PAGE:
The driving force behind the hatred of the poor is the idea of “work.” Not just the work that is available – precarious, brutal, paid worse and worse, sometimes even unpaid altogether – but, most importantly, the work that doesn’t exist.
This nonexistent work is what the “employable poor” – those considered “fit for work” – are supposed to be chasing after, enrolling in the rigmarole of training courses, hoping these will lead to a job, no matter what that happens to be, and hoping they will get the paltry €350 per month that they’re promised during the process. Even enrolling in the courses doesn’t guarantee they will get any money at all, according to news reports in recent weeks.
Those among the “employable” who find themselves trapped in this circle of hell were given another tongue lashing on Wednesday by Giorgia Meloni, speaking during “prime minister time.”
“If you aren’t available to work,” she said, “you cannot expect to be supported with the money of those who work every day.”
Her words speak volumes. She means to say that poverty is the fault of those who don’t want to work. Because, as everyone knows, those among the poor who have jobs are doing great. They’ve redeemed themselves from the guilt of poverty. They’ve emancipated themselves from need. They’ve been raised up into the paradise of commodities and are blissfully enjoying it. The history of capitalism is littered with examples of such appalling discourse. They were already there between 1597 and 1601, when Elizabeth I passed the first “poor laws” in England. Today, we may be in a different time, but we’re still in the same place. The poor don’t escape poverty, even when they work. They’re called the “working poor.” This Anglo-American euphemism is there to cover up the awfulness of a life spent in need, and it does nothing to avoid adding insult to injury when someone loses their job and cannot find another.
Meloni’s words are also dishonest. What she didn’t say was that her government changed the criteria by which the poor person’s “availability to work” is evaluated. These criteria have nothing to do with an individual’s willingness to work but are being used to cast moral condemnation, contrasting them with those who “work every day” – in a line of thought that ends with branding those who receive public assistance as “lazy” or “moochers.”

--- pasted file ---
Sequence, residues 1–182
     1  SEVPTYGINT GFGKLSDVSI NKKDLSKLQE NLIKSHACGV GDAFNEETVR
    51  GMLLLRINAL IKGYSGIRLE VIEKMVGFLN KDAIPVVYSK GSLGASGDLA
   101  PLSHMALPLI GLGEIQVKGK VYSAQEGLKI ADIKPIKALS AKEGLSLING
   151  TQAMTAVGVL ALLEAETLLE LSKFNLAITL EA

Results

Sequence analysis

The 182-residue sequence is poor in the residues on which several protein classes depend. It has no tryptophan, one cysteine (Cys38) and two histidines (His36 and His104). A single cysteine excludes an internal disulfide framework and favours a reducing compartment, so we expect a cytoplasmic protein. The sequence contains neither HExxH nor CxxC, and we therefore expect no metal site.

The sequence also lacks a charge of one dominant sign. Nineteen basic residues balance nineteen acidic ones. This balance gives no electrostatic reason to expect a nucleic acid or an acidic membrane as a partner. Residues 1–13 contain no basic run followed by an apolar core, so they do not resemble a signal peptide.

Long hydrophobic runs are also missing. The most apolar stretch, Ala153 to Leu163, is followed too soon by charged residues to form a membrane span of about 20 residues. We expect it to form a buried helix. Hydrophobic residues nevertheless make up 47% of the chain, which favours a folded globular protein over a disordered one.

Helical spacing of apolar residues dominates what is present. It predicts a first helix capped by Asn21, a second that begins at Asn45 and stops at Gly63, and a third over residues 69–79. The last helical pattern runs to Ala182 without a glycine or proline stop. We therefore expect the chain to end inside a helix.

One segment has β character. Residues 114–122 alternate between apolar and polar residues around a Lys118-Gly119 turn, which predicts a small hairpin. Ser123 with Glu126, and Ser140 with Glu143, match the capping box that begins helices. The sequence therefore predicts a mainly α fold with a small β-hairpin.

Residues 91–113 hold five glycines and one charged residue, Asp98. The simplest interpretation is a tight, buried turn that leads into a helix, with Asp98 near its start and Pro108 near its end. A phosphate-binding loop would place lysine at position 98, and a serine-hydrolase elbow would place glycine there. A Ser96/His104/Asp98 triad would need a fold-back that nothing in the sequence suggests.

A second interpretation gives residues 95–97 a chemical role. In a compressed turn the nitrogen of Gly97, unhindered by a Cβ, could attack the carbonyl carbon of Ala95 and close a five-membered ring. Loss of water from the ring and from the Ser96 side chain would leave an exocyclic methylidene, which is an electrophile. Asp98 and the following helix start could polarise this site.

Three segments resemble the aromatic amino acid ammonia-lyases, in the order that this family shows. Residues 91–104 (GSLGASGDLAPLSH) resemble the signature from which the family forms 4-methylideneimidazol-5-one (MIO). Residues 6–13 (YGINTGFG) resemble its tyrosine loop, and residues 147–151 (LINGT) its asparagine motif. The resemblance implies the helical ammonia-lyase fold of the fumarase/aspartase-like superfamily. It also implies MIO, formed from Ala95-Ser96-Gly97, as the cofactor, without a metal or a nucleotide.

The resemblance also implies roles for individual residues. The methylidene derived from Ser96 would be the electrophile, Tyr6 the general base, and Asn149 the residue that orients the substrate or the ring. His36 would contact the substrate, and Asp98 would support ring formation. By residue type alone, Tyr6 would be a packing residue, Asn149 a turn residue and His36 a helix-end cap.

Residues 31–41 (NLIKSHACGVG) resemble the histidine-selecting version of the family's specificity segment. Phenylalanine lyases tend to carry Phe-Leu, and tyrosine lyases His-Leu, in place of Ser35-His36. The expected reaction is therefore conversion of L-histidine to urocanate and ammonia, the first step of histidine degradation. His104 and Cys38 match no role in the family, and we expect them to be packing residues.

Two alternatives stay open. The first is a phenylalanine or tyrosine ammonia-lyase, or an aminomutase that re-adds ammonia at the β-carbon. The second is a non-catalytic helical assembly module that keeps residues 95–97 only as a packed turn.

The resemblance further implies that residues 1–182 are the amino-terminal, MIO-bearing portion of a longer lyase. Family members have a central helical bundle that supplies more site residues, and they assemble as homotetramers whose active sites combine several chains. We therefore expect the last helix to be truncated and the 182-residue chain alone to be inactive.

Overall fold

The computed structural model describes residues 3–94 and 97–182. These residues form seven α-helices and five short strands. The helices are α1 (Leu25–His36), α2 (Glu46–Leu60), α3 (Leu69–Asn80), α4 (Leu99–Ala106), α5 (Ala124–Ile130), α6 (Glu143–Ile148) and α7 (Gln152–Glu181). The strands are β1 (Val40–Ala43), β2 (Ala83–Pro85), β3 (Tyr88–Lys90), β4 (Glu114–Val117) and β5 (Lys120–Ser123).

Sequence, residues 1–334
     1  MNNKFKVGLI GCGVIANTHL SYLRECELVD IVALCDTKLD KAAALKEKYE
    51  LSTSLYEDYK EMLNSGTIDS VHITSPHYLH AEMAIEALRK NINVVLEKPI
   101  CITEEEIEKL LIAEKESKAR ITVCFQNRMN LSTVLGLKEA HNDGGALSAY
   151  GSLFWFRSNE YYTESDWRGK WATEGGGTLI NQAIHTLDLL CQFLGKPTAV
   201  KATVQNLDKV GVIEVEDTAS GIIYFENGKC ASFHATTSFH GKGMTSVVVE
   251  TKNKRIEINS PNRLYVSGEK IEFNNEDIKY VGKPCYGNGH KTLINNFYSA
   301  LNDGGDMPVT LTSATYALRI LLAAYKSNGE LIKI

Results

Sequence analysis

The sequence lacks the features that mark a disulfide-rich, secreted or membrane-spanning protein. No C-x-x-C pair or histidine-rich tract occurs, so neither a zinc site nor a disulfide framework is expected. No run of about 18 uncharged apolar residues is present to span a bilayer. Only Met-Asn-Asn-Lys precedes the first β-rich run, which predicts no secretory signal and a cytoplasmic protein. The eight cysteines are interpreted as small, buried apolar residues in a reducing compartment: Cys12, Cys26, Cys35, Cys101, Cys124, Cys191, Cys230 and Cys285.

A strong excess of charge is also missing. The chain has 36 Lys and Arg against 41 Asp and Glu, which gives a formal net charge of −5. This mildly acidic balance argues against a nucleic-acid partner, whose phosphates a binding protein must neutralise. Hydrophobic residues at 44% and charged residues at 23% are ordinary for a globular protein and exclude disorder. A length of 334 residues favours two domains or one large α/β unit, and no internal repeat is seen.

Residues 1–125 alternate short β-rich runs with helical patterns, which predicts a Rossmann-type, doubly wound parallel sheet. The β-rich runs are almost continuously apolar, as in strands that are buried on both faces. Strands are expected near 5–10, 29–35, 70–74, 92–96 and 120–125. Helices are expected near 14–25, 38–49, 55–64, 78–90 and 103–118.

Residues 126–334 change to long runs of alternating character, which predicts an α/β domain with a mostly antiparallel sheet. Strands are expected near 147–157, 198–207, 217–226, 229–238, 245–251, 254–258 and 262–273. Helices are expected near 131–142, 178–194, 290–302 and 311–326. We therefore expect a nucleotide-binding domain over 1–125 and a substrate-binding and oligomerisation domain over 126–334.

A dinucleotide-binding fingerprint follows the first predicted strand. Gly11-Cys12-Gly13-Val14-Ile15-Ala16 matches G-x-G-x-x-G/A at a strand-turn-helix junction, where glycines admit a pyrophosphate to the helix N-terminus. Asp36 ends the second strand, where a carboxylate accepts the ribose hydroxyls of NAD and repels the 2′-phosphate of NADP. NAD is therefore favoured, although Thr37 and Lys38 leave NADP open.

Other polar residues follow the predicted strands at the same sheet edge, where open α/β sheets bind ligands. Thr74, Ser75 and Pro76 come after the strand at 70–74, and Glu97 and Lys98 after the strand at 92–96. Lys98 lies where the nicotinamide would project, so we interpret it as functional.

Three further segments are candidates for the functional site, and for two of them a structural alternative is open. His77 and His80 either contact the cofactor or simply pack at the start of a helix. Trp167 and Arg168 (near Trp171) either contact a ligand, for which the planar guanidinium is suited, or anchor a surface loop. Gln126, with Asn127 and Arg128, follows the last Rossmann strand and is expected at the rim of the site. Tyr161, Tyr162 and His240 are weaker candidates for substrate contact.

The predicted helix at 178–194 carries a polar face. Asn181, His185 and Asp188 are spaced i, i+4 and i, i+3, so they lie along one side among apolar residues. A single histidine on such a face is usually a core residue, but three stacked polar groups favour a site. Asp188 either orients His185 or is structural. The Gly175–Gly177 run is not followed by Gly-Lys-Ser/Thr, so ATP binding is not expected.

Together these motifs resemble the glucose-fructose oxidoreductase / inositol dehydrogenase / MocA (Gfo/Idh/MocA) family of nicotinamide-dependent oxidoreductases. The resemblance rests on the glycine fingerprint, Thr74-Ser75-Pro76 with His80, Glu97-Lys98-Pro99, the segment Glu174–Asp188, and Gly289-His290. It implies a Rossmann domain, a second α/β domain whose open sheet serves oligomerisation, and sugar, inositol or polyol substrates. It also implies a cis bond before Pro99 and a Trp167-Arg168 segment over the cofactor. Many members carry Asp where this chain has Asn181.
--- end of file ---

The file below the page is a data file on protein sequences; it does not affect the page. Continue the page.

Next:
Specifically, we are talking about the lowering of the maximum threshold of estimated income, according to the indicator of equivalent economic situation (ISEE), from €9,360 to €6,000 per year in order to access the new measure. This is not a technicality but a political issue. This rule has excluded many of the “employable” from access to “training and employment support,” the measure intended for them, parallel to the “inclusion allowance” intended for the poor deemed “unfit for work.” The data was provided by Meloni herself: out of 249,000 potential “employable” people who had been receiving the citizenship income, only 55,000 applied for the new measure, just over 22 percent.
“It is possible that some of these people have found work by themselves,” the prime minister said, “but it is also possible that some of them were not looking for employment or preferred to work off the books: this is the reason why I am very proud of the work we have done.”
What kind of work people with ISEE incomes above €6,000 but below €9,350 are able to find is left to the reader’s imagination. And one can hardly be shocked that it would be off the books. Once again, Meloni missed the essential point: the problem wouldn’t exist at all if there were employers willing to hire people legally and not exploit them “off the books”; if there was a government willing to clear the jungle of precarious contracts; if there was a welfare state with a basic income, a fair tax system and a public health and school system that weren’t being crushed in the grip of corporatization. Not to mention “differentiated autonomy,” coming soon, which will wreak even more havoc.
Passing responsibility for a system down to its victims is the aim of those who want to rule over the poor, not free society from poverty. There are some who are “proud” of that, like Meloni. Those who are criticizing her today need only point out that a stricter threshold on public assistance is not in fact the same as “abolishing poverty,” to quote the words of a previous occupant of the Palazzo Chigi.